UNICEF works to improve infant and young child nutrition, helping ensure every child has the best possible start in life

a child eats with his mother

The challenge

In Kyrgyzstan, despite the decrease in child mortality rates over the years and significant improvement of the overall nutritional status of children in the country,  under-nutrition remains a critical public health concern – particularly in remote regions and new settlements around big towns. 

Stunting, low birth weight, vitamin and mineral deficiencies are major issues affecting the health and wellbeing of children in Kyrgyzstan.

As many as 22 per cent of cases of child mortality result from poor nutrition and an estimated 18 per cent of Kyrgyz children are malnourished (UNICEF/WB 2011).

Stunting among children under five age has fallen from 25 per cent (DHS, 1997) to 12.9 per cent (MICS,2014), Iron deficiency anemia from 50 per cent (DHS 1997) to 43 per cent among children five (DHS, 2012).

a woman breastfeed her baby

Breastfeeding gives children the best nutritional start in life, but only 41 per cent of infants were exclusively breastfed until they were six months old in 2014 (MICS). Micronutrient deficiencies continue to have lifelong consequences for children and women in Kyrgyzstan.

Under-nutrition is one of the factors that contributes to poor maternal health as well.   Poor maternal nutrition before conception and during pregnancy and the first two years of life threatens the chances of a safe delivery and a healthy baby, and can result in developmental delays that undermine a child’s potential.

There is a high prevalence of diseases caused by malnutrition, dietary preferences, yet, there is an alarming lack of awareness of the potential health concerns in case of nutrient deficiencies - including iron-deficiency anemia – and its effect on the prevalence of birth defects.

Nutrition is still considered as health issue only and not yet integrated fully in other relevant sectors.

The solution

UNICEF works with the Government and non-government partners to improve infant and young child malnutrition and tackle Kyrgyzstan’s nutrition concerns by promoting a multi-sectorial approach. This has led to the development of the country’s first National Food Security and Nutrition Strategy, which includes all the priority nutrition specific and sensitive interventions in the country, as well as key policies, laws and regulations to address micronutrient deficiencies among the population, especially young children and mothers.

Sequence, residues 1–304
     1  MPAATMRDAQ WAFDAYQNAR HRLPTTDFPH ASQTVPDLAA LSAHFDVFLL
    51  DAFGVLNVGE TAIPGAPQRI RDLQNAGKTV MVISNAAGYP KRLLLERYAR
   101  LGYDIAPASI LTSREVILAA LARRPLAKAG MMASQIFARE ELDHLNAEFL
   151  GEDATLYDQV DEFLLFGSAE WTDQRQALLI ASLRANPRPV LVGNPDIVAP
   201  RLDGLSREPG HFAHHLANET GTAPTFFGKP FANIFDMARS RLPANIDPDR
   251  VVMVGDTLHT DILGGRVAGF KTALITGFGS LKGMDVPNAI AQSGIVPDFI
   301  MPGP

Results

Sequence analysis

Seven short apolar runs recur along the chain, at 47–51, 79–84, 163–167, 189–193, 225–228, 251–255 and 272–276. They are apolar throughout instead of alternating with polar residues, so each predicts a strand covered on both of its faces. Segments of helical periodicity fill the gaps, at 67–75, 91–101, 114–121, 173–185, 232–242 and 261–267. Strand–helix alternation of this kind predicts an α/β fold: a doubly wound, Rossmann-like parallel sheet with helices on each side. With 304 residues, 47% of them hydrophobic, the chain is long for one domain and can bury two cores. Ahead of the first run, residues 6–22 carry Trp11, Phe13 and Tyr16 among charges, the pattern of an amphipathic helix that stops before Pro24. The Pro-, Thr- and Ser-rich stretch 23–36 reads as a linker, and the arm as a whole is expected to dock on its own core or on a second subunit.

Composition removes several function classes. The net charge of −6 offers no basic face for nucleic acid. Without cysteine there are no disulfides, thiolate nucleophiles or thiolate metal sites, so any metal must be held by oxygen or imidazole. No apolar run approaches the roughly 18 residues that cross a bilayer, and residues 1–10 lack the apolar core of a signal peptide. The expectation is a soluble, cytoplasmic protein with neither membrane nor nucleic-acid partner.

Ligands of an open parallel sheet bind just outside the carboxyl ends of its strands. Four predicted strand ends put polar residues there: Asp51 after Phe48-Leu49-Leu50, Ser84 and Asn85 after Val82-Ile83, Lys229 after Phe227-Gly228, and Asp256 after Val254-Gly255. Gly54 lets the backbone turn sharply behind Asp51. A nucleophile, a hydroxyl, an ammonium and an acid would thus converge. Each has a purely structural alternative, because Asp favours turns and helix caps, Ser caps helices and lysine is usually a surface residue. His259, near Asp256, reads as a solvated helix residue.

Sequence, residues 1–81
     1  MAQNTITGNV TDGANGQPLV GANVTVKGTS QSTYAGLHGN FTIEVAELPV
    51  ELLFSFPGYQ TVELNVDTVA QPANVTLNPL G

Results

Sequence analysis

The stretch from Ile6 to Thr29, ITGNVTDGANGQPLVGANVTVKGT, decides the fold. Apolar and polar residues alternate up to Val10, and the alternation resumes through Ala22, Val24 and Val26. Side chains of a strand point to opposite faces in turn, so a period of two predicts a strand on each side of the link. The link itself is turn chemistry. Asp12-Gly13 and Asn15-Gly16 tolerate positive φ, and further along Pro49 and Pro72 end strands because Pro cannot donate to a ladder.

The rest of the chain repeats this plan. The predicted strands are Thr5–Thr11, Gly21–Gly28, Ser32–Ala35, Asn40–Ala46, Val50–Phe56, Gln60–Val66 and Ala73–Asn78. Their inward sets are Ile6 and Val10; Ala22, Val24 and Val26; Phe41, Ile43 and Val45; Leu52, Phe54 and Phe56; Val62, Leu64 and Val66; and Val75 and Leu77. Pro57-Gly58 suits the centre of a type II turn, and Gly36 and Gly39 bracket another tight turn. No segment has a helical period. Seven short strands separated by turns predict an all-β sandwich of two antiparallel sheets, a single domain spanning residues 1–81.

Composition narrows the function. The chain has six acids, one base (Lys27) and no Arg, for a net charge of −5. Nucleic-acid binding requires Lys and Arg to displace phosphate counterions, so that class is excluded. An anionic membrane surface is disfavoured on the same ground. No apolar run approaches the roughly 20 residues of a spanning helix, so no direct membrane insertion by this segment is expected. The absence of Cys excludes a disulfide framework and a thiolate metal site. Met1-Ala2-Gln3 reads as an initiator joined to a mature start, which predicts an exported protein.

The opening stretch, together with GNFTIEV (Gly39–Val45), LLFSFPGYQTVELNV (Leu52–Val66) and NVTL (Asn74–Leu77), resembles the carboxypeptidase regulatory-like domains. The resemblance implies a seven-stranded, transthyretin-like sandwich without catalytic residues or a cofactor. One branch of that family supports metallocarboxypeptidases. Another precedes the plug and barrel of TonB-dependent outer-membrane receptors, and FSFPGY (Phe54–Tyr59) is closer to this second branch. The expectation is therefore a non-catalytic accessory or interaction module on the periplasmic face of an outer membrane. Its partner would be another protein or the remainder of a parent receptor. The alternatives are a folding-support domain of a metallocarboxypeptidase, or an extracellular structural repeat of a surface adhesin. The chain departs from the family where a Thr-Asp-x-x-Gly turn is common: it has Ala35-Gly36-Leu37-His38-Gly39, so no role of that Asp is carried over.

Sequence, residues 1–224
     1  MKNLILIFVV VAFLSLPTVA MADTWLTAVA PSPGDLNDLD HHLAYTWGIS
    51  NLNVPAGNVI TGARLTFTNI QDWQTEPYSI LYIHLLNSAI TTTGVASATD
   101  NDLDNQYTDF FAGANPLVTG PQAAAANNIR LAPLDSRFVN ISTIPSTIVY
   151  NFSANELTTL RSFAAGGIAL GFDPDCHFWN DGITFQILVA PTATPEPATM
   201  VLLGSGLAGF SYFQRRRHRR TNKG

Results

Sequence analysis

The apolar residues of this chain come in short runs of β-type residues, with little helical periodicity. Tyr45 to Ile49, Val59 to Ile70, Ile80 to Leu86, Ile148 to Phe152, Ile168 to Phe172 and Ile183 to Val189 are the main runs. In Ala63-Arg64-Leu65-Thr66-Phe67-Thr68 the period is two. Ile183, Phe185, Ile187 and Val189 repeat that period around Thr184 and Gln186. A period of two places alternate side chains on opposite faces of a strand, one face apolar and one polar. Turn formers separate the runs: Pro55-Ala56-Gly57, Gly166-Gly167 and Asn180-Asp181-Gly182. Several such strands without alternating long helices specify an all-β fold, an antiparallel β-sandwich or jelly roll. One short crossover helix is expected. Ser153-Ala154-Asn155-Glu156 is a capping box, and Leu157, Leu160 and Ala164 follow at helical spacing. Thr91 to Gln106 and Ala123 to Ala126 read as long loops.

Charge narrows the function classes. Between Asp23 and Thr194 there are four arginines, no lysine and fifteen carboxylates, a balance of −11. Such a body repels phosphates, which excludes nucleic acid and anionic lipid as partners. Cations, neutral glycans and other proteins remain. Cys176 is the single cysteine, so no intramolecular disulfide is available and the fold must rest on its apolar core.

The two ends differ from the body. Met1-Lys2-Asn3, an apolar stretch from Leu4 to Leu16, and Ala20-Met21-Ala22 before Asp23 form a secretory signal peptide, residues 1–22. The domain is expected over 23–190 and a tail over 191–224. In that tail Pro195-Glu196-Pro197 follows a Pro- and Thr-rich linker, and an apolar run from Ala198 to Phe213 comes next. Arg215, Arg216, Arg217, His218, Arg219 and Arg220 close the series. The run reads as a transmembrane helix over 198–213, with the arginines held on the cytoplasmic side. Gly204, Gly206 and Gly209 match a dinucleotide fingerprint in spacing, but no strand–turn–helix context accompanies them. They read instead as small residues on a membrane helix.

As SUN (Scaling Up Nutrition) movement country facilitator since 2011, UNICEF supports country to improve coordination mechanisms, through building technical capacity to monitor, analyse, plan and develop sustainable mechanisms for nutrition interventions from the national to regional levels.


As part of a Ministry of Health programme, UNICEF together with other partners provides children with vitamins and minerals (Gulazyk) to reduce iron-deficiency anaemia among babies. Gulazyk was initially piloted in Talas province where anaemia rates fell by 26 per cent within one year (2009-2010).

The project also included the dissemination of key messages on early childhood development to support cognitive development of young children. Since 2012, it has been scaled up across the country reaching over 70 per cent of children under the age of two, annually benefiting from Gulazyk.

UNICEF also supports a flour fortification programme aiming at improving legislation and raising awareness on the importance of consuming enriched products involving all stakeholders.

Kyrgyzstan has made progress to address iodine deficiency disorders and implement an effective safeguard   against the world’s leading cause of preventable mental disabilities: in 2001 Law on Universal Salt Iodization was adopted with UNICEF support. Currently, measures have been taken to ensure the lasting elimination of iodine deficiency disorders.

boys and tomatoes